Jumia– share sell-offs continued today in the wake of public companies’ earnings reports, proving especially significant amongst firms that benefited from the pandemic.
While new and established public companies in market categories like software, fintech, gaming and social media witnessed significant declines in recent weeks amidst rising interest rates, growth-oriented e-commerce companies like Jumia are not exactly proving themselves exempt from the larger rout.
Shares of the Africa-focused but U.S.-headquartered e-commerce company fell 32% in November after it posted an unconvincing third-quarter earnings report. Its share price, trading at $7.92 before the opening bell, fell 4% further despite posting improved fourth-quarter earnings today.
Gross merchandise volume (GMV) at Jumia in the fourth quarter grew 20% year-over-year to $330 million, while revenue grew to $62.0 million, up 26% over the same time frame. Quarterly active users and orders rose 29% and 40% to 3.8 million and 11.3 million year-over-year, respectively.
The metrics improved thanks to Jumia’s Q2 2021 decision to push frequent purchases of fast-moving consumer goods (FCMGs) rather than larger-ticket electronics and appliances, and increased in sales and marketing spend.
Sales and advertising expenses at Jumia grew 159% year-over-year in the final quarter of 2021, a significant slowdown from the previous quarter, which posted a staggering 228% expansion in the expense category.
Jumia’s marketplace revenue fell 1%, declining to $32.4 million in the fourth quarter of 2021.
Turning to the bottom line, Jumia’s adjusted earnings before interest, taxes, depreciation and amortization (EBITDA) loss was $70 million in Q4 2021. That’s a 107% year-over-year increase. What drove the rising adjusted loss? Gross profit only advanced 2%, which didn’t square well in accounting terms with the aforementioned boost to Jumia’s sales and marketing spend.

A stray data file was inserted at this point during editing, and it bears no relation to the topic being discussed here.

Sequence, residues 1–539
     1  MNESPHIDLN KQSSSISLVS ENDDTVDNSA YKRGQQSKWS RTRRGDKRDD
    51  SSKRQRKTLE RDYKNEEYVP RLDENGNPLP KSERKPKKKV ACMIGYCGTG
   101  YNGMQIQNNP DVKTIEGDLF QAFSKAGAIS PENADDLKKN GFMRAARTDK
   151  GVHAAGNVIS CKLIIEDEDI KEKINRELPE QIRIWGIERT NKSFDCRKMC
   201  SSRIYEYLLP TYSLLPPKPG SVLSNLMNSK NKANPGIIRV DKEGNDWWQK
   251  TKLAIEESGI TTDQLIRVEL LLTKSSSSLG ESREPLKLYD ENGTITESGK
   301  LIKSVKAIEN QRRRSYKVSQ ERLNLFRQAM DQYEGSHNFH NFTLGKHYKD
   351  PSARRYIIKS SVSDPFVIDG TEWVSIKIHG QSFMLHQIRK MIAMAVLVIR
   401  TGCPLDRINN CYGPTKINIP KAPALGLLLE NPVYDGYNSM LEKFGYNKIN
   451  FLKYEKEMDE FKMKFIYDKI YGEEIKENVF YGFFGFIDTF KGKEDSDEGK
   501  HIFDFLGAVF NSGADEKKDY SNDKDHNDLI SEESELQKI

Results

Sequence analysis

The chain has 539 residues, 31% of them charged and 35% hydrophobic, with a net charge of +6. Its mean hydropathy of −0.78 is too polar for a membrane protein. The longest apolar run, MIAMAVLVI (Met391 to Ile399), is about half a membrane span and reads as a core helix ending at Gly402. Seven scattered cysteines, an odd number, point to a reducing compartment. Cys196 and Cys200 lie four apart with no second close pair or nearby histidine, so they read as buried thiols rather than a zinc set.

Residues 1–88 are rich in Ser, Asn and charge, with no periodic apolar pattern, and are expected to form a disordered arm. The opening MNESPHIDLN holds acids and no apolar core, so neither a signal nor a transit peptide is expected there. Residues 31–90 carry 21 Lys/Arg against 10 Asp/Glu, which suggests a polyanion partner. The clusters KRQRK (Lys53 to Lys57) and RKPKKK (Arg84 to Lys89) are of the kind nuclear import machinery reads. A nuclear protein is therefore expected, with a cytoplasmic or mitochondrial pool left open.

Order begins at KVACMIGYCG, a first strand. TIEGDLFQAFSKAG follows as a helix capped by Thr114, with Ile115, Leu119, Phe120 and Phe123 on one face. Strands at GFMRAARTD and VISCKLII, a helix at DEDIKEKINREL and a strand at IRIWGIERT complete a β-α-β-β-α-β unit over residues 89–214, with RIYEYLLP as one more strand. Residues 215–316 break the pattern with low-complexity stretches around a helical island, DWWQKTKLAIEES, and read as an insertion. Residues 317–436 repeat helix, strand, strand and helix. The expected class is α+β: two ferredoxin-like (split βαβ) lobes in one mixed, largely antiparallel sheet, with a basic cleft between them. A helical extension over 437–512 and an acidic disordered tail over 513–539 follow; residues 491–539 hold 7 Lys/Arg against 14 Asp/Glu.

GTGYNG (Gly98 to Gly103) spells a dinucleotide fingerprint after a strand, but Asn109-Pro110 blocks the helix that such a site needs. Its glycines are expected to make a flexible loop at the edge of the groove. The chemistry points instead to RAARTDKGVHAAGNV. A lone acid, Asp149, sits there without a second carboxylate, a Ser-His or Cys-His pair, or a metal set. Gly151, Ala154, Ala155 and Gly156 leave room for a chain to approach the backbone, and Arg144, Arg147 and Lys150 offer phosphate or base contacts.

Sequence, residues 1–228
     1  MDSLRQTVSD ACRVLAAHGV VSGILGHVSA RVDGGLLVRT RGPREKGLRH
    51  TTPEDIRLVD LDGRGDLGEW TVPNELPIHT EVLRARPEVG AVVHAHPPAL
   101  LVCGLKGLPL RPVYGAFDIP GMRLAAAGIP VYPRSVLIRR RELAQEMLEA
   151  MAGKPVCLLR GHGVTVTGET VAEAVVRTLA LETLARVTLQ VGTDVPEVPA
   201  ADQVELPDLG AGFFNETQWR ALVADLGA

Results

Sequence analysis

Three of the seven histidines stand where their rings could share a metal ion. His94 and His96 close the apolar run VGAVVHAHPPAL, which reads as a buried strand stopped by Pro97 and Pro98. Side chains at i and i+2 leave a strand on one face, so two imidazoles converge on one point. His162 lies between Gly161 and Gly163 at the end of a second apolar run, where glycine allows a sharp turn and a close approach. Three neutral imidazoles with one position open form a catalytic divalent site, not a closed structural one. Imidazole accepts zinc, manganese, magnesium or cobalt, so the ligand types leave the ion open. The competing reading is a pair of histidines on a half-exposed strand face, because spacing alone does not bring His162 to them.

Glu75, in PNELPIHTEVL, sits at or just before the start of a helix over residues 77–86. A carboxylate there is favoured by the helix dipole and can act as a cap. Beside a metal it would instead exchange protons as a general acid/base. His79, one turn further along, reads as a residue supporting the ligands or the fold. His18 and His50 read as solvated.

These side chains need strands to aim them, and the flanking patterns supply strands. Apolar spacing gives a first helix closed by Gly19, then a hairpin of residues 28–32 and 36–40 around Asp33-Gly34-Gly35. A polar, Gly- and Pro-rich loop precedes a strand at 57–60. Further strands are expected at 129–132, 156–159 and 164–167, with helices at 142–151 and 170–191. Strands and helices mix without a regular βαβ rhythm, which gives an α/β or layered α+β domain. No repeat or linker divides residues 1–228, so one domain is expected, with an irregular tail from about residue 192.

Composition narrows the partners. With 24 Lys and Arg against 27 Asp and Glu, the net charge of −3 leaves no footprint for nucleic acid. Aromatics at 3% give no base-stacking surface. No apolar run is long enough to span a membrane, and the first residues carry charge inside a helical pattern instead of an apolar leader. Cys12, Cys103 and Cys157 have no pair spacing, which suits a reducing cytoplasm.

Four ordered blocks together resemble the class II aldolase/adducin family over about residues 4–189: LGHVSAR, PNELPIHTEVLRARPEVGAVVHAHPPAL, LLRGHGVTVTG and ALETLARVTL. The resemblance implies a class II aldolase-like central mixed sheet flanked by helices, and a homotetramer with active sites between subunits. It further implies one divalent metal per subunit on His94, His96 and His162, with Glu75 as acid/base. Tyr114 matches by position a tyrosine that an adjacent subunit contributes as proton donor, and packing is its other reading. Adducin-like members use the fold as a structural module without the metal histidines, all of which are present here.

The company’s fintech arm, Jumia Pay, saw its total payment volume (TPV) grow by 29% year-over-year to $90.5 million in Q4 2021. Jumia also said its transactions reached 3.9 million, expanding 46% year-over-year. The final quarter of 2021 was the company’s fastest in terms of growth for nearly two years.
Jumia shipped 3.3 million packages for 996 partners via its logistics arm in Q4 2021. It sent 2.9 million packages for 766 clients the previous quarter. Altogether, Jumia got 8.3 million packages in the hands of 1,489 clients throughout last year, generating a revenue of over $3 million.
In its guidance, Jumia said it plans to upgrade its logistics capacity, which will cost between $15 million to $25 million this year.
The company also expects continued year-over-year GMV growth, spending up to $55 million in sales and advertising in the first half of 2022. That works out to an anticipated EBITDA loss of not more than $220 million this year, an increase from the $196 million adjusted loss it recorded in 2021.
Jumia finished 2021 with $512.8 million ($117.1 million of cash and cash equivalents and $395.7 million of term deposits and other financial assets). While there are a number positives from Jumia’s fourth-quarter performance, it appears Jumia’s long-term strategy — one which is investing hard in sales and expenses while banking on FMCG goods to cover ground — isn’t strong enough for its investors yet.